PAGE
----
I’ve been thinking about what abortion will look like after the recent overturning of Roe v. Wade. I glimpsed that future last week when I met women and men standing on street corners in Ann Arbor, Michigan, asking for signatures to bring a proposed constitutional amendment to local voters. The amendment, if passed, would override a 90-year-old state law that makes abortion a felony, even in the case of rape or incest.

These people—almost all of whom are young—have taken up the mantle of “The Janes.” The Janes’ story is now an eponymous documentary streaming on HBO Max, showcasing interviews with former “Janes” who set up a robust whisper network for women to acquire abortions in 1968. All a woman had to do was answer a classified ad to “call Jane.” On the other end of the line was information about how to acquire a discreet abortion.

This was the era before Roe v. Wade gave women the constitutional right to have an abortion. Many of the women who needed abortions were students. Some of them were middle-class homemakers who already had children, and others were poor women scrambling to pay for an abortion. Before the Janes came into the picture, most callers were given the address of a seedy motel to see “Mike,” a construction-worker-turned-abortionist. Mike learned how to do the procedure by watching a “real surgeon,” and then went freelance. Interviewed in “The Janes,” he says nonchalantly that performing abortions was more lucrative than his construction job. “Abortions,” he says straight into the camera, “were like mink coats. Lots of women wanted them, but not everyone could afford them.” When some of the Janes found out Mike was not an actual doctor, they decided that if Mike could learn to perform abortions, so could they.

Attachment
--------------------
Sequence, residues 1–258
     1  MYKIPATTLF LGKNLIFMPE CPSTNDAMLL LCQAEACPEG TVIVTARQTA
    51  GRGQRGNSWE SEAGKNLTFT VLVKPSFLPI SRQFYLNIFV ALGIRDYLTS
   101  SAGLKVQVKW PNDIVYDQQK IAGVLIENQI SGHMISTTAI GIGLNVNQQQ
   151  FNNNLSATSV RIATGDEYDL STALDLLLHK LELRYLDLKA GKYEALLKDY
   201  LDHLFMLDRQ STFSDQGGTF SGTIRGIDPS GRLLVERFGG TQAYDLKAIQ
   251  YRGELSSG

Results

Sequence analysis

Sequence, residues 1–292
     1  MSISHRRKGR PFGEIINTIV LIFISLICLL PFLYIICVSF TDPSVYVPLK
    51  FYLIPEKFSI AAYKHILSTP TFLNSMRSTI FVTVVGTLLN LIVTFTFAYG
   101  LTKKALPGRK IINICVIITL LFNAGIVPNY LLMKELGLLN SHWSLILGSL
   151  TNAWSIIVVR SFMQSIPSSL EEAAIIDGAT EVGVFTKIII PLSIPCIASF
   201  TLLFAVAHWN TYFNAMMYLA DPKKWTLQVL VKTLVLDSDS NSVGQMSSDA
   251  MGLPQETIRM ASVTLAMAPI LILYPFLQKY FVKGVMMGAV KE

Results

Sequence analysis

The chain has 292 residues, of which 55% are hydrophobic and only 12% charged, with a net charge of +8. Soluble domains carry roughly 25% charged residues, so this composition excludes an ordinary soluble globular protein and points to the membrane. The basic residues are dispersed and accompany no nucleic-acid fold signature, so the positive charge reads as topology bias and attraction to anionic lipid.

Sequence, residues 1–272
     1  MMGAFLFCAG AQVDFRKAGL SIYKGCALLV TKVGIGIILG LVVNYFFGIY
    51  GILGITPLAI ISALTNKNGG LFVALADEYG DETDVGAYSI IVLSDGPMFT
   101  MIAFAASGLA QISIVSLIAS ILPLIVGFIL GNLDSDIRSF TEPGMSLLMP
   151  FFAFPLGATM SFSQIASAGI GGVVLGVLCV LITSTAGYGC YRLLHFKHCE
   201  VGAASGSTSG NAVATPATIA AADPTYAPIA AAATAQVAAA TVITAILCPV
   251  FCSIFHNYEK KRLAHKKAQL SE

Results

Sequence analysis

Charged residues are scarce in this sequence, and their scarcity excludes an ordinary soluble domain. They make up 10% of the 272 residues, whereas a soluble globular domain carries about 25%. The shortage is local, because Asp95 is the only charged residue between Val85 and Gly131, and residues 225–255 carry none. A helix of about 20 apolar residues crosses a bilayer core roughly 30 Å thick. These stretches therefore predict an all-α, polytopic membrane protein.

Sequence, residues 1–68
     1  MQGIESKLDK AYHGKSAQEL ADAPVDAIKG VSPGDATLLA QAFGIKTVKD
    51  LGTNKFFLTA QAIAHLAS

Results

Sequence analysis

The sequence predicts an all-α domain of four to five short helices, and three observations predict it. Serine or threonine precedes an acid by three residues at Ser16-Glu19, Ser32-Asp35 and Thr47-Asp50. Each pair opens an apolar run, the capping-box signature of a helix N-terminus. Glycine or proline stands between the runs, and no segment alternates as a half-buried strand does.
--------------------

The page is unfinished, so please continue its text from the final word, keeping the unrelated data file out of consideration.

In one of the documentary’s more memorable scenes, Eileen Smith, a former Jane, spreads out on her dining room table the medical instruments she used to perform abortions. “Sometimes you have to start with a small dilator just to try to get inside the cervix,” she says, holding up the tool. She then self-consciously says, “I haven’t done this in a while,” as she opens the blades of a speculum.

Dorrie Barron remembers the terror of receiving an abortion in a motel room before the Janes’s network was in place. She and another young woman who had an abortion in the next bed hemorrhaged and were left to fend for themselves. In that same interview, Barron recalls that her second abortion with the Janes was the first time she experienced that “women gave a s*** about women.” In interview after interview, women tell stories of how alone and marginalized they felt in seeking abortions before the Janes’s network. A call to the Janes was likely the first time women did not have to justify their reasons for seeking an abortion. “We wanted every woman who contacted us to be the hero of her own story,” says one of the Janes.

As Heather Booth, a founding Janes member and longtime activist, says in the film, “I learned that sometimes you have to stand up to illegitimate authority.” There is a steely irony to Booth’s statement—she found her way to abortion activism after a friend asked her to help his sister get an abortion. In those days, a number of women seeking abortions in predominantly Irish Catholic Chicago were the mistresses, secretaries and daughters of policemen, judges and politicians—men who promulgated laws against abortion.